Russia fared well in the Syrian conflict with its air power battering badly the opposition forces including the dreaded ISIS. Here Russia was lucky in having the tacit support of USA as well for they too viewed ISIS as a threat to their National security. USA and Russia destroyed the ISIS infrastructure in Iraq and Syria. There was a convergence of interest even between USA and Iran in the fight against ISIL. Here even Turkey was on the same page with Russia and Iran for it , too, viewed the ISIL and what is stood for as a danger for her national security. In between Bashar ul Asad got the much needed breathing space . The Syrian war has oscillated from one end to another and what seemed a powerful uprising against the Assad government in the beginning has emerged into a multilayered conflict. However, the Assad government regained much of the territories it had previously lost to opposition groups and the ISIS with the support of Russia. Although, Russia turned increasingly pro-Assadist as the conflict unfolded, however it avoided a direct confrontation with Turkey which supports a few opposition groups. Even with Israel, Russia maintained a unique relationship and avoided a zero sum game with it during the course of the present Syrian conflict.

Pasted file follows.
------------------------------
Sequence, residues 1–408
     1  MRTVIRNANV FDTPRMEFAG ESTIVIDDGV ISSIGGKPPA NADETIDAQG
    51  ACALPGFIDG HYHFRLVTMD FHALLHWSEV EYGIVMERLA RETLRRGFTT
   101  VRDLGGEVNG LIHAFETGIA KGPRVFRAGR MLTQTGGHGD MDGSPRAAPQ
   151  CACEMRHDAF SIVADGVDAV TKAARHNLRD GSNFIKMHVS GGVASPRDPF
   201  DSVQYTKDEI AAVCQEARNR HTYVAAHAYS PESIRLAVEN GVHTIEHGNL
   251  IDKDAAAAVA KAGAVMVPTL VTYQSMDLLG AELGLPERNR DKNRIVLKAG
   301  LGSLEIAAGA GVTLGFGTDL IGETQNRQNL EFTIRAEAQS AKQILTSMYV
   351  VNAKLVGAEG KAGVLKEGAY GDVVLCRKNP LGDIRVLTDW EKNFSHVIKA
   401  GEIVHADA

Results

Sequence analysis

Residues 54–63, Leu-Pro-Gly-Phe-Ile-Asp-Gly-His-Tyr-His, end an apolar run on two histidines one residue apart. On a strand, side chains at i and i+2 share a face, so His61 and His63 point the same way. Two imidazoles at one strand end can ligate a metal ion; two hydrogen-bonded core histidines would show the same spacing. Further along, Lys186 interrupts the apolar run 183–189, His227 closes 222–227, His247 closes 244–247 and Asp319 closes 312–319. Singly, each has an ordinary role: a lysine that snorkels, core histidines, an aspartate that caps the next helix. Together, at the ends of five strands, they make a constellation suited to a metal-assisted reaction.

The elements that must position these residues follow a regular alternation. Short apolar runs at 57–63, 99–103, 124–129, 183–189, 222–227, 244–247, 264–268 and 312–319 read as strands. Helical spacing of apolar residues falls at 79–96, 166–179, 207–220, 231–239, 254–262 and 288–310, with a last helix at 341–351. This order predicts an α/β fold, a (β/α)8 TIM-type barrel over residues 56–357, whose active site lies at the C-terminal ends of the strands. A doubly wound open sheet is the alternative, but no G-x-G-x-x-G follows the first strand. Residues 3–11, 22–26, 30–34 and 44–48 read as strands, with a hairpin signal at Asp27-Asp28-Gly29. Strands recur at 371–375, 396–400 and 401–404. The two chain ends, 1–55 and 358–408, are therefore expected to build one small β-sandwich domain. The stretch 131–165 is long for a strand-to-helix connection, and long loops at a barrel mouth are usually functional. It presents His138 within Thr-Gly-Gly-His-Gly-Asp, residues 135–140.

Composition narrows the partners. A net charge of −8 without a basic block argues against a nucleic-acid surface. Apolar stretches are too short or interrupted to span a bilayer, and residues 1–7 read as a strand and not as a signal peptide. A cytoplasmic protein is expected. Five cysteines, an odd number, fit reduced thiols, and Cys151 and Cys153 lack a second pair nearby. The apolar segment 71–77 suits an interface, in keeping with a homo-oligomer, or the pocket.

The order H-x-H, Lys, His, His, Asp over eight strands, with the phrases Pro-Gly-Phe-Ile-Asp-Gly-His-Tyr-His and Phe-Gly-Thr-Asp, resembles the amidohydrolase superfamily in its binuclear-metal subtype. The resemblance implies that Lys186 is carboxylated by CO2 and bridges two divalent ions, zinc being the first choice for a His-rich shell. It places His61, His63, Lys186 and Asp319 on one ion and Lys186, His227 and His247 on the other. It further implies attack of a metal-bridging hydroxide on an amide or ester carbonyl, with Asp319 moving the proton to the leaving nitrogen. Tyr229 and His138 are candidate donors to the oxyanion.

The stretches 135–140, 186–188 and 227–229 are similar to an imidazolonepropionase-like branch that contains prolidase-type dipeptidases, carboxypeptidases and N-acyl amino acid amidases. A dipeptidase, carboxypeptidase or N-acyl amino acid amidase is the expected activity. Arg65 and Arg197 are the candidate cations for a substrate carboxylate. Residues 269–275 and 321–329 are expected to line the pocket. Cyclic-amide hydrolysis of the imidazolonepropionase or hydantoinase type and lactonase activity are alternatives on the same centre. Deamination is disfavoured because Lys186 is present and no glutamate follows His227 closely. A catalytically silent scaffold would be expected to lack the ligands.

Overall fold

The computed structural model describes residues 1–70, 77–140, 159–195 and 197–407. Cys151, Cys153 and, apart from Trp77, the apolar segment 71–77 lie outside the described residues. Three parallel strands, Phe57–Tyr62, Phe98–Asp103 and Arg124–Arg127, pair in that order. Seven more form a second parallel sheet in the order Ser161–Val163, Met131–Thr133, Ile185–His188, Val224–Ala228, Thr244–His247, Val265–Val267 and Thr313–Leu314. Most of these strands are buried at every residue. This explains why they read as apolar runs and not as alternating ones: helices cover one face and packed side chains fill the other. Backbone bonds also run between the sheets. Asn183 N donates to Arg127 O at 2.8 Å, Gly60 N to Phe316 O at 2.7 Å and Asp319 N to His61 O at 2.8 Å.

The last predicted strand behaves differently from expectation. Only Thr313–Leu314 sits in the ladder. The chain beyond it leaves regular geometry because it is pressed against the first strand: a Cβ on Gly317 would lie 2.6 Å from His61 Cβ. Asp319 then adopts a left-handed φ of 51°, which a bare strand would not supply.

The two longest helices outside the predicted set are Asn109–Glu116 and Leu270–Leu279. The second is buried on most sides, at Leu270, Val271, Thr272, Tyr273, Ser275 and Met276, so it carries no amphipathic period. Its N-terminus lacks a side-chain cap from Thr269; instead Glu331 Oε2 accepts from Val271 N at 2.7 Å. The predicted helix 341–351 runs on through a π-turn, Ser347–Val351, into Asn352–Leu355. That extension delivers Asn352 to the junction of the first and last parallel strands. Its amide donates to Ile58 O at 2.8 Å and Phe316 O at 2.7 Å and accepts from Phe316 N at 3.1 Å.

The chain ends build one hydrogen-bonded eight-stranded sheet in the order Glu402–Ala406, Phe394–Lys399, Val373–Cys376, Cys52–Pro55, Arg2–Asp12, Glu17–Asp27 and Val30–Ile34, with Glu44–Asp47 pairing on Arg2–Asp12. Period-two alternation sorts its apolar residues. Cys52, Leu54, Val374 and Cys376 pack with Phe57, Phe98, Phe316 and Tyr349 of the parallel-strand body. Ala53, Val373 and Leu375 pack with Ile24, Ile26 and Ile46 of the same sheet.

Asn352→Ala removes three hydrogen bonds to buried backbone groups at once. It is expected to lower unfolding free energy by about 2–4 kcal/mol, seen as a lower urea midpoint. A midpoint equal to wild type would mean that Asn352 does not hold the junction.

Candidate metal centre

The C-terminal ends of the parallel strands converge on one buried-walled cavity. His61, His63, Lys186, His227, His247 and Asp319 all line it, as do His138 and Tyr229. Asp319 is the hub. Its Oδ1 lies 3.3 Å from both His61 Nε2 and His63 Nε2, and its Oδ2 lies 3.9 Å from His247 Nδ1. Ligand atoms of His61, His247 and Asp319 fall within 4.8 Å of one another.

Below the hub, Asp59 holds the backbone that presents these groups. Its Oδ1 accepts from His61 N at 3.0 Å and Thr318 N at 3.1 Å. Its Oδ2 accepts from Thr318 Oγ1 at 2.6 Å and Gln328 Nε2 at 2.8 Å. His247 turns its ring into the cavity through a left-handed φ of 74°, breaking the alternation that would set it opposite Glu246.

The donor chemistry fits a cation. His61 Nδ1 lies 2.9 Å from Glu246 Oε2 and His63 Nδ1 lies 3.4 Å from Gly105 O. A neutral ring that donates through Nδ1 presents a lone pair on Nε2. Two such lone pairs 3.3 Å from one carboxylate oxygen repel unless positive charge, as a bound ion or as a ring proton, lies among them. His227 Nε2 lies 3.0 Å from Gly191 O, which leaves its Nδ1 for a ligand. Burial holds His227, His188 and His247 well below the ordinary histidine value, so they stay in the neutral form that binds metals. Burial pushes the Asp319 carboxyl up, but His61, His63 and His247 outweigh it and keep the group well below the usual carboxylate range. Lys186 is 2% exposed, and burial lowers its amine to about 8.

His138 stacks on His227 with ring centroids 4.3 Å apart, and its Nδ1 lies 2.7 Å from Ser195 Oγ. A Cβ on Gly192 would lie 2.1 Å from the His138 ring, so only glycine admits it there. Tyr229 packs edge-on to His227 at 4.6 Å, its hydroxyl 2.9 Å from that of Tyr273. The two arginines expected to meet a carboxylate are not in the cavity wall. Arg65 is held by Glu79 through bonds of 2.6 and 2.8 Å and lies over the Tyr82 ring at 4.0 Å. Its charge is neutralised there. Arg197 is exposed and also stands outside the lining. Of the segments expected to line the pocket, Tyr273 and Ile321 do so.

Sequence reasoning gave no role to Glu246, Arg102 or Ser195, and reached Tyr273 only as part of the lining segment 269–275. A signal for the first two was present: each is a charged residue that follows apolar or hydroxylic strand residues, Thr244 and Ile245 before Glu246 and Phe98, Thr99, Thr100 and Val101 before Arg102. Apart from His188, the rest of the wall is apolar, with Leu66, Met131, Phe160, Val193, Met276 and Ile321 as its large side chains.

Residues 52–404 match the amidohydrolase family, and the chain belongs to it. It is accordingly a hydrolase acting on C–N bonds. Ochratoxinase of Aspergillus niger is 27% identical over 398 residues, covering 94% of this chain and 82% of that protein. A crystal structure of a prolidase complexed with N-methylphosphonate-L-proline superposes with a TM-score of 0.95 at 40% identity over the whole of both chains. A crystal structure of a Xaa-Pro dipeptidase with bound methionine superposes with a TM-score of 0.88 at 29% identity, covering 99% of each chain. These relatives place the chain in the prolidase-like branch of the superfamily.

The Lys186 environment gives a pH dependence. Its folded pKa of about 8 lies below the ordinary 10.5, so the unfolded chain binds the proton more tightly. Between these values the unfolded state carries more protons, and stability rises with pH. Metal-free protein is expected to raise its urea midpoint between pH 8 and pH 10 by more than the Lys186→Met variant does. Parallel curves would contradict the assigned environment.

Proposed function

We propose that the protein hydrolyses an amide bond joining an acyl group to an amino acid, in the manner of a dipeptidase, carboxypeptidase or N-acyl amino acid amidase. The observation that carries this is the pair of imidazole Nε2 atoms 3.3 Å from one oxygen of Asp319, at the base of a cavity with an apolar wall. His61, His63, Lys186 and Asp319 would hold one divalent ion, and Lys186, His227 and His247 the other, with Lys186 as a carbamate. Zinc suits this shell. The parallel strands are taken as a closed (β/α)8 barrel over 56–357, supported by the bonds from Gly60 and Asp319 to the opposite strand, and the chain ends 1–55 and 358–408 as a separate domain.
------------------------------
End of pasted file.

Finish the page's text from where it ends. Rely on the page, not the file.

The Syrian war has oscillated from one end to another and what seemed a powerful uprising against the Assad government in the beginning has emerged into a multilayered conflict.
Limits of Russia’s Syrian policy